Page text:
Budget allocations cause major cuts to campus groups

The African Students Union’s budget was cut by more than 81 percent; multi-ethnic groups cut on average by 49 percent

Sarah Carracher

Senior News Writer

The student organization budget allocations resulted in large cuts to multi-ethnic organizations’ budgets much to the chagrin of their members. All student groups, on average, were cut 38 percent, and the 14 multi-ethnic groups on campus were cut an average of 49 percent.

Campus Council usually undertakes the budget allocation process. This year, however, the budget was done by the SGA budget committee, which consists of SGA members as well as non-SGA students. “Representatives were selected to include connections to as many groups on campus as possible,” Kalinay said.

Furthermore, the committee adopted a practice of item-cutting at the urging of Campus Council, because they would rather fund whole events. However, “Any group can reallocate funds from one item to another as long as it was part of the original budget,” Kalinay said.

“Council chose to allow SGA to be the budgetary review body in the hope that the process would become more transparent to the campus community, and that outrageous budgets would be kept ‘in-check’ by the student body,” said Campus Council representative Eric Painting ’14.

Despite these hopes, the budget committee was greatly affected by the very small amount of time they were given to decide the budgets for more than 100 student organizations. Consequentially, cuts were made that have been called in to question by some groups.

One of the most prominent examples is the African Students’ Union (ASU), whose budget was cut by more than 81 percent. Their budget was one minute late, but the group considers the cuts extreme. The Africa Night performance, which is their biggest event and serves to educate the student body about African culture, was cut in its entirety. The SGA budget committee explained in their budget allocation letter that they believed “similar events are hosted by W.A.C.” Ainslee Robson ’15, the vice president of ASU, felt offended that the groups were considered to be “under the same umbrella…it just seemed very wrong and insensitive.”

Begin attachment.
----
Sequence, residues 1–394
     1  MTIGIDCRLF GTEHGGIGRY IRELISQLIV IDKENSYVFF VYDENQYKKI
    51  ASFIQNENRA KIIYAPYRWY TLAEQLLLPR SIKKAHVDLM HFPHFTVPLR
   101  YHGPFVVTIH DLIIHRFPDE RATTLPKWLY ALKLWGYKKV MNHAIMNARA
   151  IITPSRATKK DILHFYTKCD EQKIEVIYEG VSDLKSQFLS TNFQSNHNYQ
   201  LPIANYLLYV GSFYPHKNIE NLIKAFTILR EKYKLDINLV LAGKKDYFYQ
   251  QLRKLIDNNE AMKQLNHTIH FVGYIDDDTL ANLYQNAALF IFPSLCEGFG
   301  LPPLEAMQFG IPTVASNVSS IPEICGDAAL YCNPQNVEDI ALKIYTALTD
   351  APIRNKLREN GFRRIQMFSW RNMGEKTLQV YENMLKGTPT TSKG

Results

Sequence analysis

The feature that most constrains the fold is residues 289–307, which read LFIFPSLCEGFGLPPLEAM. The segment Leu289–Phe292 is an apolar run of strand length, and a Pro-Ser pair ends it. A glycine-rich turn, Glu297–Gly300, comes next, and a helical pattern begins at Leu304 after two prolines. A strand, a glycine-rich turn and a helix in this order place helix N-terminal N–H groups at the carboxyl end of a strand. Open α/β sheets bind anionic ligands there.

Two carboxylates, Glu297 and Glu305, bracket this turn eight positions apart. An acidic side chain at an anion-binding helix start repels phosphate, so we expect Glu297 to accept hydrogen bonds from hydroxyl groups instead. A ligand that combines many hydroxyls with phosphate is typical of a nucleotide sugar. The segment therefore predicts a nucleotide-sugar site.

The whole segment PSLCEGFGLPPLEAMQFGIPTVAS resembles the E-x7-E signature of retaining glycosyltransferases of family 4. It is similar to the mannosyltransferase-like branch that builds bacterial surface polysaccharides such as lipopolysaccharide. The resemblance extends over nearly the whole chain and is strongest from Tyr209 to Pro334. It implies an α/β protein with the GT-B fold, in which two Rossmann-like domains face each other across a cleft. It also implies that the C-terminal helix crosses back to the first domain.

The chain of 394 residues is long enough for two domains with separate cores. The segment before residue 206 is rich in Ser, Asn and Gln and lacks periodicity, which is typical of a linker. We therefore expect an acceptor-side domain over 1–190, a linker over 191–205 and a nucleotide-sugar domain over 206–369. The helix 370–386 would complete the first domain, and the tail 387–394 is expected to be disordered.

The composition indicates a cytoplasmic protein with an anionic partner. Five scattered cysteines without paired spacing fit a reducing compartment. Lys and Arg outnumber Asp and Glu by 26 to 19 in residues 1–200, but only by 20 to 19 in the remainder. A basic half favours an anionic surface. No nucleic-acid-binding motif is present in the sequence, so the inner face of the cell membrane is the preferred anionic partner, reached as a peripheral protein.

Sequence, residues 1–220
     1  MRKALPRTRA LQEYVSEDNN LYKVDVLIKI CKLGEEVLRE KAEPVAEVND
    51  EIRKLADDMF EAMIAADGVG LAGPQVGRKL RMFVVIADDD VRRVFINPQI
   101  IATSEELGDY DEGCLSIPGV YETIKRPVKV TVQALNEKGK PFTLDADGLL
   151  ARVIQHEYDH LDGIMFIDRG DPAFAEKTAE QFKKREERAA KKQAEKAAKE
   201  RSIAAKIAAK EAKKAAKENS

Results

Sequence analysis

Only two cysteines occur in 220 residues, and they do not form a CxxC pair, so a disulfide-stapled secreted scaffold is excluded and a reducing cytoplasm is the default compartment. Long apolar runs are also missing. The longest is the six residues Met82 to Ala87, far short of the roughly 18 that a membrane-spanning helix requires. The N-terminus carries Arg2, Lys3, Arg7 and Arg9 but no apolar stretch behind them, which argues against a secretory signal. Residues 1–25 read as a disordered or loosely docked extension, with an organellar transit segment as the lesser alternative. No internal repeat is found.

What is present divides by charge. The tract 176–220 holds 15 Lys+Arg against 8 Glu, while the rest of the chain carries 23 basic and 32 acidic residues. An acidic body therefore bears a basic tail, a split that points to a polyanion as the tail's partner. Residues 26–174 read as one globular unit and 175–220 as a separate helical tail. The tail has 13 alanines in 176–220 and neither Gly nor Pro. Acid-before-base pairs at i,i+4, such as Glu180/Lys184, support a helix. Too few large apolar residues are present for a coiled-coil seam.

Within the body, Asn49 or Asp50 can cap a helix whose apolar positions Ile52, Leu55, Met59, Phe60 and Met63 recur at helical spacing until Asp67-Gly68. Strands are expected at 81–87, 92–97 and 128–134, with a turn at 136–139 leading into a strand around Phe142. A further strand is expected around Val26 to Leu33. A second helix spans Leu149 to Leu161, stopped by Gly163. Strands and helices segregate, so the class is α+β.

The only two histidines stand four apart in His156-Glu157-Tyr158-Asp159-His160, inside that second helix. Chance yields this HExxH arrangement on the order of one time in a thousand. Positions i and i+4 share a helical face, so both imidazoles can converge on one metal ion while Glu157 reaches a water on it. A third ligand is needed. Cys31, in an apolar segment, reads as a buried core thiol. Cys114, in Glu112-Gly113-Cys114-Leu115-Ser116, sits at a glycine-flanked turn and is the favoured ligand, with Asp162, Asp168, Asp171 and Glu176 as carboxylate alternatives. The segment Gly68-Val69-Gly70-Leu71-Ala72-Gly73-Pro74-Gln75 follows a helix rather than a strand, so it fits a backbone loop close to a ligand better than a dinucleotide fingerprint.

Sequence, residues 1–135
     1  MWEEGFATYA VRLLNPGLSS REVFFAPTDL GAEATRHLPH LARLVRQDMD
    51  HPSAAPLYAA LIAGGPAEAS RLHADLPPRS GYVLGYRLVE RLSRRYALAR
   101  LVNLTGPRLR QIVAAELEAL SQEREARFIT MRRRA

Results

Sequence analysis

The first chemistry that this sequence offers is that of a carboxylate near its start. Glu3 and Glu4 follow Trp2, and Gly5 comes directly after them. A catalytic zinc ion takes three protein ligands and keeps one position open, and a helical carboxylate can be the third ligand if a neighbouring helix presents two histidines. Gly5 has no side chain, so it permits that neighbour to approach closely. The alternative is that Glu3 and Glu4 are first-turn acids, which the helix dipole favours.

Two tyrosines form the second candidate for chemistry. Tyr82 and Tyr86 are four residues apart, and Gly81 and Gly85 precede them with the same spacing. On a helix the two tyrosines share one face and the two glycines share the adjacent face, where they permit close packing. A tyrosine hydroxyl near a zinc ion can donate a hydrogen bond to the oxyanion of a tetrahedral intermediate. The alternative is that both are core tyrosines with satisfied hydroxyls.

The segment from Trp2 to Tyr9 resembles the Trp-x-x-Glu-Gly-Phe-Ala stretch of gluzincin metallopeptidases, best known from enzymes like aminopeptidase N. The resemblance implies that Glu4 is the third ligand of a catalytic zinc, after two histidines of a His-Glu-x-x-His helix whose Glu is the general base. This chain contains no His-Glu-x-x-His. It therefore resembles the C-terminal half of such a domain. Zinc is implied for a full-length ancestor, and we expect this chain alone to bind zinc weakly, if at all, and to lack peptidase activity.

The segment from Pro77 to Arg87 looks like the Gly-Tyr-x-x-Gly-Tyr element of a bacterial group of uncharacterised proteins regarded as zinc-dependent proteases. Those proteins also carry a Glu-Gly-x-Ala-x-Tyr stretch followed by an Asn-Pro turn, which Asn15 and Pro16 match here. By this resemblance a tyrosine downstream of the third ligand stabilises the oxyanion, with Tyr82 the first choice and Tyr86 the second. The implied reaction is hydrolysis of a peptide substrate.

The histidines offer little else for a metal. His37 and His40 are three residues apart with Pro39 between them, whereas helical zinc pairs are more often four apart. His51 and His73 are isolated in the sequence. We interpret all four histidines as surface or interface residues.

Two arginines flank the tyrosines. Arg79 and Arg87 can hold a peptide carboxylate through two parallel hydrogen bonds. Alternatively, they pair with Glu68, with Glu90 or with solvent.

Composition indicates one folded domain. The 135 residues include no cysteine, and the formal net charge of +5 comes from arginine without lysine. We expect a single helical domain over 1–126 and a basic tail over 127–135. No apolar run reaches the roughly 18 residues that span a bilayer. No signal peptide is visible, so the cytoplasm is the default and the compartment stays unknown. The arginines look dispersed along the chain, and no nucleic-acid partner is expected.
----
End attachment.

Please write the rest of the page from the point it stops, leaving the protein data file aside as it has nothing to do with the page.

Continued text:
Peter Jeffy ’14, the public relations representative and vice president-elect for Men of Harambee, quickly organized a meeting among the multi-cultural groups to discuss and troubleshoot the issue. The meeting on April 28 was attended by a large number of multi-ethnic group members as well as members of the budget committee: SGA Treasurer Steven Hardy ’14, Justin Kalinay ’13, Thanh Dang ’15 (International Student Association, SEA-US) and Joe Weston ’16.

Mamoudou N’Diaye ’14, who is on W.A.C. Cultural Topics committee as well as ASU, affirmed that the two groups are not comparable, saying that W.A.C.’s central purpose is to entertain and that there is never any guarantee that they would do an event similar to the Africa Night performance.

“It’s belittling us to entertainment and only putting on spectacles,” Robson said of comparing the two groups.

Other items on ASU’s and other groups’ budgets were cut for “lack of specificity.” Deja Moss ’14, president-elect of the Black Student Association, commented on the budget form: “It did not present us with a way to prepare the best budget.”

Furthermore, the groups were not given much chance to defend their budget requests: the time slots that were available to do so were ten minutes long, and groups stated they were given about five minutes to talk.

Furthermore, Robson tried to appeal ASU’s budget, but upon doing so learned that all the slots had already filled: a problem that many other groups have encountered. These issues may in part be symptoms of the severe time constraint placed upon the budget committee to complete the allocations.

Hardy stated that the item-cutting method will not be a part of the budget allocation process in the future.

“There will be a lot of things that are different about the way budget allocations are done next year,” Hardy said. The budget committee, like many students, was not entirely satisfied with how the budget process worked.